The Pakistan Neelum-Jhelum project, one of the most significant hydropower stations in Pakistan, saw its first turbine generator, which is designed to generate 243,000 kilowatts, officially start supplying electricity to the national grid, according to Beijing-based Economic Daily. Construction work on the project began in 2008, with China Gezhouba Group Co as the major contractor.

“In the past few years, investors from both China and Pakistan got too excited about the China-Pakistan Economic Corridor (CPEC), and they overlooked the problems with the Pakistan economy,” Mei Xinyu, a research fellow at the Chinese Academy of International Trade and Economic Cooperation. He told the Global Times. “Now, they need to carefully assess potential risks in some projects, and Pakistan’s ability to repay its debts,”

Mei warned. In the first 10 months of the fiscal year 2017-18 which ends on June 30, Pakistan’s government borrowed $9.6 billion from foreign countries. Of that, loans from China stood at $1.5 billion.

Pakistan expects to obtain new Chinese loans worth $1 billion to $2 billion to help it avert a balance-of-payments crisis. On May 24, China increased the size of a currency swap agreement with the South Asian country by 10 billion yuan ($1.57 billion) to 20 billion yuan.

“Political instability and widespread corruption are still serious issues in Pakistan, and it is crucial to strike a balance between political strategy and business profitability,” said Wang Yiwei, director of the Institute of International Affairs at the Renmin University of China.”Still, the CPEC can be an example of regional growth and stability,” he noted.

As Pakistan’s general election which will take place in July nears, the international community is keeping a close watch. The results may affect the continuity of policies, Zhou noted.

“More importantly, the country has to push forward construction of industrial parks under the CPEC, which can be a driving force for attracting clusters of industries,” he said.—APP

SOURCE: https://pakobserver.net/cpec-developed-faster-than-expected/

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Chabahar Port not a challenge for CPEC: PM Abbasi

Islamabad – Prime Minister Shahid Khaqan Abbasi on Monday said the Iranian Chabahar Port wasn’t a challenge for China Pakistan Economic Corridor (CPEC), adding for the regional development, they would have to bring more projects like CPEC.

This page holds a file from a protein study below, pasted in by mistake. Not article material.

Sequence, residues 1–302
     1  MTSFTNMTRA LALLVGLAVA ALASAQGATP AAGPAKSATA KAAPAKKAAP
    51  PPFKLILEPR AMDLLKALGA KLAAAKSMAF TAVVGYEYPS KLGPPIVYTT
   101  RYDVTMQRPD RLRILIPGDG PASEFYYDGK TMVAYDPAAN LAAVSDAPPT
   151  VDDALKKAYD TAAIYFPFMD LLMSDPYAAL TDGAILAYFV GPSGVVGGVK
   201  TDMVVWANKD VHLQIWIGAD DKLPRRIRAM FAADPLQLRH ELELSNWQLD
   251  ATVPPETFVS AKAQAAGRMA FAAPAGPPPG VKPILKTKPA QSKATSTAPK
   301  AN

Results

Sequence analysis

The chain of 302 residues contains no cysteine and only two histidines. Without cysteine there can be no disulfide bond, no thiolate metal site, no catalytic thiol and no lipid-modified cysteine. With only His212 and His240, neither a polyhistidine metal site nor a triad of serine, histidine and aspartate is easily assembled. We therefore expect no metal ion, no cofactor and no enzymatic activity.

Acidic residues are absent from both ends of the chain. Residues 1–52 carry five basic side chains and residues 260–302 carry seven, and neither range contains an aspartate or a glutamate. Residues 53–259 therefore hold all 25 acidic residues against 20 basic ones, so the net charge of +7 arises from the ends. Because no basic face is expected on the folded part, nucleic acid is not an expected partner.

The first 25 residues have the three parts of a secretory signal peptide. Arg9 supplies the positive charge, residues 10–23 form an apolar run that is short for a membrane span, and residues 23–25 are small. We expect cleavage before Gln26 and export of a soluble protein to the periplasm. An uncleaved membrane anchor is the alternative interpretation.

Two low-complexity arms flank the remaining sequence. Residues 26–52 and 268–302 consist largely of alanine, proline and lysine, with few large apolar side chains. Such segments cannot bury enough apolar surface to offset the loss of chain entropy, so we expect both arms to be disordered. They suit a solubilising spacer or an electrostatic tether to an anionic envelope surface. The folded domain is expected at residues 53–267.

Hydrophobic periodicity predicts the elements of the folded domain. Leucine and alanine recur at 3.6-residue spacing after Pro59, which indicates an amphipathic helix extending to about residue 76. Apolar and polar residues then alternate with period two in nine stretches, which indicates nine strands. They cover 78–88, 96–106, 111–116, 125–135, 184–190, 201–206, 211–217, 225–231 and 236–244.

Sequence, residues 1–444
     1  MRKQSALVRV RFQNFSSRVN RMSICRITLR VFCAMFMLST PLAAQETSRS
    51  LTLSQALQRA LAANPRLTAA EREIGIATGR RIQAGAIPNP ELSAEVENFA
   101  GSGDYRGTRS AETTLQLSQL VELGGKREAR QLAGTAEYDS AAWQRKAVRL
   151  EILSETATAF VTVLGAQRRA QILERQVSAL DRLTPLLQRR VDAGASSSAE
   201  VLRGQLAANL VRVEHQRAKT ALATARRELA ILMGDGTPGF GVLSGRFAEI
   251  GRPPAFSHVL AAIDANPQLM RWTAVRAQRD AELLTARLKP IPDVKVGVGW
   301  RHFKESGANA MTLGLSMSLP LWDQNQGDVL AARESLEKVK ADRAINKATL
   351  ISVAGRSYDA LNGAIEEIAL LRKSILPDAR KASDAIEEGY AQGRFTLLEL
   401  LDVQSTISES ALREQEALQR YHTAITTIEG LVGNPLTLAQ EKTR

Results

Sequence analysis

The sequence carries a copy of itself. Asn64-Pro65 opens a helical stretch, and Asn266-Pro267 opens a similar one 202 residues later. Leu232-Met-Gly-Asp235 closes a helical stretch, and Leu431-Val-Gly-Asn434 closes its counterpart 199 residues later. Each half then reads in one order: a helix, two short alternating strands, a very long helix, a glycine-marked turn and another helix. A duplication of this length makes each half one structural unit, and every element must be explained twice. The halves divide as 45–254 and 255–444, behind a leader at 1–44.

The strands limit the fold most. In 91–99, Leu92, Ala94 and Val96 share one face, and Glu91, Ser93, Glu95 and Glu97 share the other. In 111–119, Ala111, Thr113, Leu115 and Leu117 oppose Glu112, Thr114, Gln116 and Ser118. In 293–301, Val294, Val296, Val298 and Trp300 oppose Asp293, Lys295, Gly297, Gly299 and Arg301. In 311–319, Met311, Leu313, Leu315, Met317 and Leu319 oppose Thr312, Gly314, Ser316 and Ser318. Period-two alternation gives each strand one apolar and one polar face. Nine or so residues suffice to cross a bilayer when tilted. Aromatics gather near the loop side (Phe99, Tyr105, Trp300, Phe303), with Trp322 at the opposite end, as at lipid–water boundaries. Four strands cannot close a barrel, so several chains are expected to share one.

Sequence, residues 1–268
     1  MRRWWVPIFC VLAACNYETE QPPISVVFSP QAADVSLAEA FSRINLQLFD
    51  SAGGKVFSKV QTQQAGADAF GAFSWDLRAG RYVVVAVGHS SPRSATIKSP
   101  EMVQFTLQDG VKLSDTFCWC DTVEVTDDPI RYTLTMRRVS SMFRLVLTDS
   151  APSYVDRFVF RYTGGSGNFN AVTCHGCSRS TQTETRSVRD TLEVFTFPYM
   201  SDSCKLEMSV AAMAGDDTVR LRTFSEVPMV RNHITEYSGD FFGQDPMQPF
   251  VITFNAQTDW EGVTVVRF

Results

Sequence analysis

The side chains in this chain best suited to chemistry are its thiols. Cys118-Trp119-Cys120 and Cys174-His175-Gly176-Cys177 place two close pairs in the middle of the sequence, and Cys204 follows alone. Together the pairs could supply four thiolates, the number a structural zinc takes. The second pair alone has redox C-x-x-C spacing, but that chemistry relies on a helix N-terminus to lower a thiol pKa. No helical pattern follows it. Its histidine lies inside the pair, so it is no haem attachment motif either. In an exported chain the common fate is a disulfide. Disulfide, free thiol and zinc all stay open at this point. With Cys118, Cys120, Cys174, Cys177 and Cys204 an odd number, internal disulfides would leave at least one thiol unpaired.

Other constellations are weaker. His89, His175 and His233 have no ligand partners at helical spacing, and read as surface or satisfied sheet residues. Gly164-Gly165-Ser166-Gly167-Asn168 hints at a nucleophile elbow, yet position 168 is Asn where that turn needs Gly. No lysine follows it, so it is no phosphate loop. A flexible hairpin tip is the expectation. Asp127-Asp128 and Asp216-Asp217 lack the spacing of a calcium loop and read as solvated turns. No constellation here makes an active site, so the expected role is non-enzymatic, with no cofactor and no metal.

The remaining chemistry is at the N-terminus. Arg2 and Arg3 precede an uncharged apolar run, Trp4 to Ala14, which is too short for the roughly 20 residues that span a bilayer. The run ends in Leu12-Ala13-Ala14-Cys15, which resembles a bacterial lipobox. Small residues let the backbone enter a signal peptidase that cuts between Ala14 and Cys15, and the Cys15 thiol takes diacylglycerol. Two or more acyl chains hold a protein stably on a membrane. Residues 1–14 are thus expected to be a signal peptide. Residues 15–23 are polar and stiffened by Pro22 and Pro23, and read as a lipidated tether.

In his address at the International Maritime Symposium held in Islamabad under the auspices of Bahria University with the theme “Impact of Belt and Road Initiative on Geo-Economics of Indian Ocean Region”, the prime minister said CPEC project spoke volumes about the Pak-China friendship and Chabahar Port.

Khaqan Abbasi underlined the need to work in collaboration with China. He said regional connectivity and trade were inevitable for the development and prosperity.

The prime minister said they had constructed 1200 kilometre-long highways in Balochistan. He said Pakistan’s economy had been strengthening, and the Country’s e growth rate remained about six percent in the current financial year.

Terming the arrangement of International Maritime Symposium very important, Shahid Khaqan Abbasi said Pakistan’s trade was heavily dependent upon sea lanes. He said 40 people of world trade was linked with Pakistan.

The prime minister also remarked that Afghanistan was grappling with security issues.

Earlier in his welcome address, the Chief of Naval Staff Admiral Zafar Mahmood Abbasi said despite numerous challenges, Pakistan Navy had formulated a robust strategy to safeguard national maritime interests.

The Naval Chief said the prime minister had approved setting up of a modern shipyard at Gwadar which would contribute significantly to Pakistan’s economy. He said the government was fully alive to Pakistan Navy’s needs and was providing essential support in meeting the emerging security imperatives.

Admiral Zafar Mahmood Abbasi said the Ministry of Ports and Shipping had been renamed as the Ministry of Maritime Affairs to broaden its scope.

The Chief of Naval Staff expressed the confidence that Belt and Road Initiative (BRI) and CPEC would help realize the goal of the shared prosperity of the region.

 

SOURCE: https://en.dailypakistan.com.pk/headline/chabahar-port-not-a-challenge-for-cpec-pm-abbasi/